Penelope Umbrico, Out of Order

JTF (just the facts): Published in 2014 by RVB Books (here). Soft cover, trifold folio (11×9) with unbound inlaid sheets and red elastic binder, with black and white and color photographs in multiple processes (offset, photocopy etc.) and 1 separate color coupler print. Includes texts by Clément Chéroux and the artist and a folded list of bank failures in the United States (2008-2013). In an edition of 500. (Spread shots below.)

Comments/Context: In the past half dozen years, we’ve seen plenty of photographers take on the challenge of documenting the effects of the recent economic crisis. For most of these artists, this has meant turning something abstract and largely invisible (the failure of the home mortgage system as an example) into something personal (a portrait of someone who lost their home); since the days of the Great Depression, photographers have put faces on hardships to make them understandable and relatable, and this foundation approach is still very much in use today.

But it is this uniformity of thinking that makes Penelope Umbrico’s photobook Out of Order stand out with such stark grace. Her conceptual portrait of the economic crisis (particularly the widespread failure of the banks) has no people, shows no disrupted families, and tells no intimate, empathetic tales of lost jobs. Instead it gathers together an suffocating pile of appropriated images of office desks and abandoned plants available on furniture liquidation websites during the crisis years, and arranges them into a metaphorical taxonomy of failure and its leavings.

What might seem like a dry cerebral exercise actually delivers a wide range of surprising subtleties and insights. The parade of desks is a trumpet fanfare for glorious productivity – sleek curves, polished angles, efficient geometries, all equipped with handy holes for wires and cables and organized for dense warrens of happy, functional workers. Seen here in their lackluster surroundings however, drowning in shadows, bad camera angles, and empty optimism, their Modernist lines feel just as bankrupt as the banks; it just didn’t work out like we’d planned.

Umbrico’s images of forlorn office plants provide a smart foil for the machined edges of the desks. Brought in to naturalize the soulless environment of the office, the now ownerless plants (both real and fake) feel like sad window dressing – their attempt to balance out the relentless push for efficiency was never enough, always just a con.

This is a photobook where the design of the object is truly integral to the conceptual structure of the artist’s argument; there is something devastatingly sophisticated about creating a photobook about economic disaster that literally falls apart in your hands. None of the pages is bound into the book – instead the book operates more like a loose folio, where pages shift around and easily (and intentionally) become misaligned. Most of the images are spread across the gutter, and so when folded up, become mismatched halves and hybrid combinations that break down representational function into simple form. Desks become sculptural squares, rectangles, and smooth arcs of dark and light, are allowed to dissolve into grain or pixelization, and then marry up to one another in unexpectedly elegant blends, echoes, and juxtapositions.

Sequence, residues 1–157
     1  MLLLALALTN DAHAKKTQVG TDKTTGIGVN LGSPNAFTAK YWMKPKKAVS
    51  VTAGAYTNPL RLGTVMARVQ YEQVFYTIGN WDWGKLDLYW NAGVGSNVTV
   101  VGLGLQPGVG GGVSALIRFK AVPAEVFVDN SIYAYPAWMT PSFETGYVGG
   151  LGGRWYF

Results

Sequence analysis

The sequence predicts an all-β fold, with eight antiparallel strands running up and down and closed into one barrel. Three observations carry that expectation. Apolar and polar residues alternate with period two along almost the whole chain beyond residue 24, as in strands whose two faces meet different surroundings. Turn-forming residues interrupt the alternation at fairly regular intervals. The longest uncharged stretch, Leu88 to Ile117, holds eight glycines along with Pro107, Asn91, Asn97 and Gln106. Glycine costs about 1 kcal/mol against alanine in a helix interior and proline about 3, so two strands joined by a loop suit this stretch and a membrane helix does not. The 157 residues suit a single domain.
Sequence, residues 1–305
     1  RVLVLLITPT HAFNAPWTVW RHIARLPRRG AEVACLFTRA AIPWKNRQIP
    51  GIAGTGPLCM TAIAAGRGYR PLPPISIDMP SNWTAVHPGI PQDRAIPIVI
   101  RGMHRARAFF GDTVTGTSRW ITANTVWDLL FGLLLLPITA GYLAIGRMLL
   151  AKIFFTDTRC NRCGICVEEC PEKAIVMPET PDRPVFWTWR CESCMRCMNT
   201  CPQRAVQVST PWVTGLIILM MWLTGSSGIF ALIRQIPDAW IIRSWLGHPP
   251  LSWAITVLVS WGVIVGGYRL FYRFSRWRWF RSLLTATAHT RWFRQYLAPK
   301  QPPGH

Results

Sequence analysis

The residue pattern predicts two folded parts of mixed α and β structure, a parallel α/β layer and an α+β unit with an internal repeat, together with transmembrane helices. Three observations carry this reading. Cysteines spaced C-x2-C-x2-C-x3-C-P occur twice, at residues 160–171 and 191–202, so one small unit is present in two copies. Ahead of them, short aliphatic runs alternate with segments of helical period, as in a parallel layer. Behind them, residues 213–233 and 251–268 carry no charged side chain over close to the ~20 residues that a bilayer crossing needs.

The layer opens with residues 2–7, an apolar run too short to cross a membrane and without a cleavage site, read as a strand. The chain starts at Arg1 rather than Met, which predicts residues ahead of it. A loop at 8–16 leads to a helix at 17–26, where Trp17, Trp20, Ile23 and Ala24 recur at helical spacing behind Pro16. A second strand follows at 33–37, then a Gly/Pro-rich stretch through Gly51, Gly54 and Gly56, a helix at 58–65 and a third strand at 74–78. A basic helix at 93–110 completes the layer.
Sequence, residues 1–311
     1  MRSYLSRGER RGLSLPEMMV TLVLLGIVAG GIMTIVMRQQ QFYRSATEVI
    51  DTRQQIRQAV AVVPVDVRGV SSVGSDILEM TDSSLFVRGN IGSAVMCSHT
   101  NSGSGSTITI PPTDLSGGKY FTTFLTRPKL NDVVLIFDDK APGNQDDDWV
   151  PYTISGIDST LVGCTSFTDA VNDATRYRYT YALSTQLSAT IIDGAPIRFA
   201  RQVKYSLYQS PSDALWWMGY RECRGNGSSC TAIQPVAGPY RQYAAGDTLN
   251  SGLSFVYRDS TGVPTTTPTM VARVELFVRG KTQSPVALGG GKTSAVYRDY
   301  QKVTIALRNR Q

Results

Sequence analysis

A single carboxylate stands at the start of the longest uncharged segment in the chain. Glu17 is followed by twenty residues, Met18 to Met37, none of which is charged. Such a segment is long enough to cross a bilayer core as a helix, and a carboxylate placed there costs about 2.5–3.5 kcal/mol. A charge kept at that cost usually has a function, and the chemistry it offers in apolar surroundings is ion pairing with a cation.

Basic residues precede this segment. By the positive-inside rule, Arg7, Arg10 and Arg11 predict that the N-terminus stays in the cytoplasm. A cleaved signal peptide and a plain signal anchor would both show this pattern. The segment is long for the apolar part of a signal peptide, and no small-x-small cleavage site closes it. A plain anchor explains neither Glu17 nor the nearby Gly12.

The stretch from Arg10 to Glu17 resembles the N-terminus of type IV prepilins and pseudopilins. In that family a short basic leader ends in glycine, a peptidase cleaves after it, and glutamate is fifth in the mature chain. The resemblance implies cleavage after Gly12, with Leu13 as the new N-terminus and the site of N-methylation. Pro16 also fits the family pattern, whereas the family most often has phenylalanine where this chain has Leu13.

The images are printed on at least three different types of paper (glossy, matte, and flimsier newsprint) using alternate processes, and are often resized inward from the edges, creating half and three quarter pages that flutter in between, in layers. The depressingly exhaustive list of banks that actually failed between 2008 and 2013 (489 in all) folds out into a tall spreadsheet ladder that will easily fall to the floor if you let it. Spend half an hour paging through this book and you will undeniably be left with an unruly disorganized mess (mirroring the double entendre of the title), which is of course, just exactly perfect.

A different manifestation of this whole project could easily have been a throwaway gimmick (desks, plants, so what?), so it’s a testament to Umbrico’s talents as a conceptual thinker that this photobook object is so nuanced and compelling. For all its trappings of arms length investigative objectivity, I like its distinct point of view – she sees systemic failure and shows us its consequences with richness, visual thrift, and blunt matter-of-factness. Umbrico’s book offers no despairing looks, no head in hands frustration, and no running away to the mountains, but its indirect indictment of our recent failures is no less insightful or stinging.

Collector’s POV: Penelope Umbrico is represented by Mark Moore Gallery in Culver City (here). Her work has begun to reach the secondary markets in recent years, but there have been too few outcomes to chart much of a price history. As a result, gallery retail remains the best option for those collectors interested in following up.

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